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CAMS 211: Film History II

Professor Andrew Vielkind

Using Microfilm and Microfiche

To scan or make printouts from microfilm, you will need to use one of the readers in the reference room on the fourth floor. Manual readers for viewing microfilm are available on the third floor, but they do not scan or print.

When you are finished looking at the microfilm reels, place the reels in their boxes in the wire basket near the microfilm readers (should be the same place where you picked up the reels). Please do not put the microfilm back in the drawers on the third floor, keep microfilm in your library locker, or take it out of the library.

Introduction: Hollywood and the Production Code

In 1983, the Motion Picture Association of America (MPAA) donated the records of the Hollywood film industry's Production Code Administration (PCA) to the Margaret Herrick Library of the Academy of Motion Picture Arts and Sciences in Beverly Hills, California. This collection of documents, covering forty years of self-regulation and censorship in the motion picture industry, contains detailed case files (commonly referred to as "censorship files") for nearly twenty thousand film projects that were submitted to the Production Code staff for consideration.

Files normally include correspondence between studios or producers and the staffs of the PCA or the MPAA; letters to and from theater owners, censor boards, religious organizations, government entities, and other special interest groups concerned with the content of motion pictures. Files may include PCA interoffice communications such as telegrams, memoranda, and meeting notes; literary materials submitted for evaluation including stories, script synopses, script readers' reports, and treatments; song lyrics; and wardrobe photographs. Files may also include articles and reviews from newspapers, magazines, and trade journals; reports from state and national censor boards; copies of the official Code certificate letter; and a PCA analysis sheet detailing the characters and story of the finished film.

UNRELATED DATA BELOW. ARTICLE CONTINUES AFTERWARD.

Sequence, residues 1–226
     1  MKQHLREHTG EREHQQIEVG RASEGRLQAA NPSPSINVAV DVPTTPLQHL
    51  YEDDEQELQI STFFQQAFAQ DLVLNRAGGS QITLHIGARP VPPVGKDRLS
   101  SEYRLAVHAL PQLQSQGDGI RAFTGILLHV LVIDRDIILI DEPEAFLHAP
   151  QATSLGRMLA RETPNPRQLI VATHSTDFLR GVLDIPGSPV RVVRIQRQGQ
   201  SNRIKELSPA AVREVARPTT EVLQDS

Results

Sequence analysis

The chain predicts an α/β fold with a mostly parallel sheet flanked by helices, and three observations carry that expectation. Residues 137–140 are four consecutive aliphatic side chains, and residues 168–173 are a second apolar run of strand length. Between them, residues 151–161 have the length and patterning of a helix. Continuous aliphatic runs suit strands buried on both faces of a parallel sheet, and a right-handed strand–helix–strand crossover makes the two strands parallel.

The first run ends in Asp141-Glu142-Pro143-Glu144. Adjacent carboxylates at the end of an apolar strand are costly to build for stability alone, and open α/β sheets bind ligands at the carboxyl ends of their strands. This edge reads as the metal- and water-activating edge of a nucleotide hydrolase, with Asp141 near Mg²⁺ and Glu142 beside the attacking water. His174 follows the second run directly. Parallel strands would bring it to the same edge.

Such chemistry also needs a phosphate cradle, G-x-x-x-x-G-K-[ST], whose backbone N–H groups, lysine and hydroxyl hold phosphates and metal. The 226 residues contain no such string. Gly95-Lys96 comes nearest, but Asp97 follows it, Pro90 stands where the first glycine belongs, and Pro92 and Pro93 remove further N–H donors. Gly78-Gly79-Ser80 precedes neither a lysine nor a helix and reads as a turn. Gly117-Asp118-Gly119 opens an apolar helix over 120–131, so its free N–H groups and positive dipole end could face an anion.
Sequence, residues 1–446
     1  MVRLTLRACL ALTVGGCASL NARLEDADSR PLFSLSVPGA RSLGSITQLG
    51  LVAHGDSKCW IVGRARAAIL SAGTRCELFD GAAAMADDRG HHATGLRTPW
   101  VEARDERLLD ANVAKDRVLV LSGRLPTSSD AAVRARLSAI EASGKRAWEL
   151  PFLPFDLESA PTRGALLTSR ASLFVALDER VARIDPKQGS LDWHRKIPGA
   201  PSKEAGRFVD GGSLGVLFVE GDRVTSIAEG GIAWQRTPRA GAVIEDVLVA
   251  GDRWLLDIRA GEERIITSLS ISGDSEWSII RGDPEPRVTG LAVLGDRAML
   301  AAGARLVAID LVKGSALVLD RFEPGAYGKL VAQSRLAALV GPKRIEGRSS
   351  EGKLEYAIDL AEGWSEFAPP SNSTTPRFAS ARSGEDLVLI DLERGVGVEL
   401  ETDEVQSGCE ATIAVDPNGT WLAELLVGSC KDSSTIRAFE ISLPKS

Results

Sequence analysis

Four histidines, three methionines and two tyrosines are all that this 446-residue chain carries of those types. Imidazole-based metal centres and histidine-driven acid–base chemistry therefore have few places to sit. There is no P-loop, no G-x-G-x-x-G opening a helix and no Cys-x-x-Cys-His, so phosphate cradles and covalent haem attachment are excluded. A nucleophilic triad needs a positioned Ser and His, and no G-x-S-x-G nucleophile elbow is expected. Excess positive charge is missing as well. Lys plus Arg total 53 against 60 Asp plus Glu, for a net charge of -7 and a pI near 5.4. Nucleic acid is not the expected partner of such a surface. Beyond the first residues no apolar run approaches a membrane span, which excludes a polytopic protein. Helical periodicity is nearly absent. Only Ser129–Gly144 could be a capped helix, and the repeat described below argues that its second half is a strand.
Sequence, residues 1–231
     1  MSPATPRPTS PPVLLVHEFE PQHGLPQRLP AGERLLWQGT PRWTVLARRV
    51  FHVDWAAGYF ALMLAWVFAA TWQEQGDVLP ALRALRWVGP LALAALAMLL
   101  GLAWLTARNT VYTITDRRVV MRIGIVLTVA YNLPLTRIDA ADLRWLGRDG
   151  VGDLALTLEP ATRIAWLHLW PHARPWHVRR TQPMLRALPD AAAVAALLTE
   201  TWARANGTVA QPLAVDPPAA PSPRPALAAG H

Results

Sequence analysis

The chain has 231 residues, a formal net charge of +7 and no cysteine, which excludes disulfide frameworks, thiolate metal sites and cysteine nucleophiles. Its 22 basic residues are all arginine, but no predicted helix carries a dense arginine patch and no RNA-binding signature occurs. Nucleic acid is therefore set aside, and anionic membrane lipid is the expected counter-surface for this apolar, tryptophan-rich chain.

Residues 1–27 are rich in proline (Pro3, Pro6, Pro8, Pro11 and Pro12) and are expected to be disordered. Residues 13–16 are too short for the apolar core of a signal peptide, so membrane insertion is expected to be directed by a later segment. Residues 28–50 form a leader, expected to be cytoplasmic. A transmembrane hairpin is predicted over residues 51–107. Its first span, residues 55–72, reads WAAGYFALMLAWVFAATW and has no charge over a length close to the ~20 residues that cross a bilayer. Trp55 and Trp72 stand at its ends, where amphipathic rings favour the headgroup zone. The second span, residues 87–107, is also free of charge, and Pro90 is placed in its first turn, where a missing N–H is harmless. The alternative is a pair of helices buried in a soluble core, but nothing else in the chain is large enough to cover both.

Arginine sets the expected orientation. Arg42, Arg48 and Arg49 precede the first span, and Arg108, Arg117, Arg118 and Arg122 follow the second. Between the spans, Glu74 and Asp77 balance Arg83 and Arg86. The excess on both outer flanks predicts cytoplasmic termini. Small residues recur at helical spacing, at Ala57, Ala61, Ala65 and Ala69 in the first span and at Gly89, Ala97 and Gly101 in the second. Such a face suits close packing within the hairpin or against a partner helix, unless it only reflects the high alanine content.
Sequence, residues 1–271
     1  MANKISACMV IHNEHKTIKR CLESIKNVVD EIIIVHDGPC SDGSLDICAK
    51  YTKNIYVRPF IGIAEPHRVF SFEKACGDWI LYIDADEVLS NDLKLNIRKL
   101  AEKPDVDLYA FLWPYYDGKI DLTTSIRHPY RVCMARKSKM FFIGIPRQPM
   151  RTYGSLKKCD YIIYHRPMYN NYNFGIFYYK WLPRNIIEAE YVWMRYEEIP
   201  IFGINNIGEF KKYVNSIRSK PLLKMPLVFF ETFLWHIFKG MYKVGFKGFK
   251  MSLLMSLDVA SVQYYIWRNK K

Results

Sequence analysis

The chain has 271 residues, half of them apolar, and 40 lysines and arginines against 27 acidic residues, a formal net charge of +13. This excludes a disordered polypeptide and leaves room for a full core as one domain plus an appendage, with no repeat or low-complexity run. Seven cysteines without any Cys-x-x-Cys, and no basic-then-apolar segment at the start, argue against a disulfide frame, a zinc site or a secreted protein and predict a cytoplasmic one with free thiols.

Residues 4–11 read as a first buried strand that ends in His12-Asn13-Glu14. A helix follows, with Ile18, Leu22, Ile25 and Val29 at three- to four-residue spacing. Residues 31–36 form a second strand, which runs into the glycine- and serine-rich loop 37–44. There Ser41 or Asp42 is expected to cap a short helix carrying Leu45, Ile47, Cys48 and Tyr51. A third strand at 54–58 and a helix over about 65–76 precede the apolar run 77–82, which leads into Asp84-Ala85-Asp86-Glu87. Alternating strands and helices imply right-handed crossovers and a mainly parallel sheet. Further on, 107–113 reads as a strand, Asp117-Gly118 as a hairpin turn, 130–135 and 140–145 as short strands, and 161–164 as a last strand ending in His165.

The History of Cinema: Hollywood and the Production Code microfilm collection includes a selection of five hundred files, each one relating to a particular film. The files are arranged in chronological order by the year of the film's release. Films released within the same year are arranged in alphabetical order by title. An online index of the film titles for which files are included in the collection is included here. For an index of the files by chronology or by director of the film covered, please consult the printed guide available on top of the third floor microfilm cabinets, call number PN1993.5.U6 H57 2006.

Introduction: Film Daily and Film Daily Yearbook

This microfilm collection includes the complete run of The Film Daily, a major film industry publication, and its predecessors (Wid's Film and Film Folk, Wid's Independent Review of Feature Films, and Wid's Daily) from 1915 to 1970. It also includes a complete run of The Film Daily Year Book from the same period.

Film Daily provided up-to-the-minute trade news, details of film releases, films in production, films made and not released, changes in studio ownership and management, analysis of financial trends and how they affected the film industry, and other news pertinent to the business of filmmaking.

Film Daily also provided news of interest to film exhibitors. Every issue of the newspaper included news and reviews of newly-released films; box office revenues; changes in theater chain ownership and management; and news of developments in sound, color, and presentation.

Information on censorship struggles was also provided by coverage of the activities of the Hays Film Office, the Catholic League of Decency, the Dies Committee, and other censorship organizations.

Also included in the coverage is news of actors and directors, producers and composers, cinematographers and set designers, and other cast and crew. Special reports from theaters in Atlanta, Boston, Dallas, Grand Rapids, Indianapolis, Milwaukee, Portland, St. Louis, and San Antonio provide extended and detailed views of theatergoing in those cities.

Film Daily also reviewed films, analyzing the commercial prospects of each film in consideration. These reviews are indexed annually in the Film Daily Year Books. The Year Books provide a "snapshot" of the movie industry in any given year, summarizing the important developments and news of the past year.

Film Daily is not indexed, but this online guide provides the dates of coverage for each microfilm reel. Click the tabs above for indexes to the appropriate publication.

NOTE: The Film Daily Year Book from 1945 is also available online (and in color!) via the Media History Digital Library.